The profit system is oppressive; it dominates our lives. It plagues us with bills: the rent and mortgage payments, the food bills, the rates, gas, electricity, water and telephone bills. Money is used to screw us for the profits of business. If we don’t pay, we don’t get the goods. This is why 43% of children in London live in families blighted by poverty. Without the capitalist system, a socialist community would easily provide for its youngsters and all members of the community.

The Challenge Now Is To Build A Great World Movement

Its job will be to break with the failures of the past.
It won’t be for power or money or careers.
It will work for the things that matter to people everywhere – peace, material security and the enjoyment of life through cooperation.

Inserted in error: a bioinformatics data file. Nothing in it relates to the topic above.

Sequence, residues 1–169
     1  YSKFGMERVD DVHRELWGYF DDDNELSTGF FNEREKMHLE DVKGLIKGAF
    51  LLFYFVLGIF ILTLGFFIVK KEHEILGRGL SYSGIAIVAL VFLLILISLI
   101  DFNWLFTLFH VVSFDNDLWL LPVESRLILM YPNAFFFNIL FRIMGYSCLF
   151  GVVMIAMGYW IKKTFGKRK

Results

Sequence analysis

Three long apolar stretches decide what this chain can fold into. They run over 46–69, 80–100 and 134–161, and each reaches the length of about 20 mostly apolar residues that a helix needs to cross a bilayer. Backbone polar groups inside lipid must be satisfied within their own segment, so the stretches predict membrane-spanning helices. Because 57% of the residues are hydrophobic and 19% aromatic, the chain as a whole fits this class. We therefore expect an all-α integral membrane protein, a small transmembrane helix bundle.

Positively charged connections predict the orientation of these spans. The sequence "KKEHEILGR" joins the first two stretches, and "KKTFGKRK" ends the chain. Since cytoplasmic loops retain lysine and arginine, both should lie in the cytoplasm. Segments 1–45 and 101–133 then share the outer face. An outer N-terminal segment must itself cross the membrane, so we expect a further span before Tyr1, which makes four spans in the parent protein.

This is the challenge that could link all people in a common cause without distinction of nationality, race or culture.

An End To Pessimism

We, in the Socialist Party, reject the view that things will always stay the same. We can change the world. Nothing could stop a majority of socialists building a new society run for the benefit of everyone. We all have the ability to work together in each other’s interests. All it takes is the right ideas and a willingness to make it happen.

Consider the socialist alternative

Express agreement by voting for our candidates
Discover more about socialism

Read the Socialist Standard


The Socialist Party

Object: The establishment of system of society based upon the common ownership and democratic control of the means and instruments for producing and distributing wealth, by and in the interest of the whole community.

Monday, April 24, 2006

The May elections (I)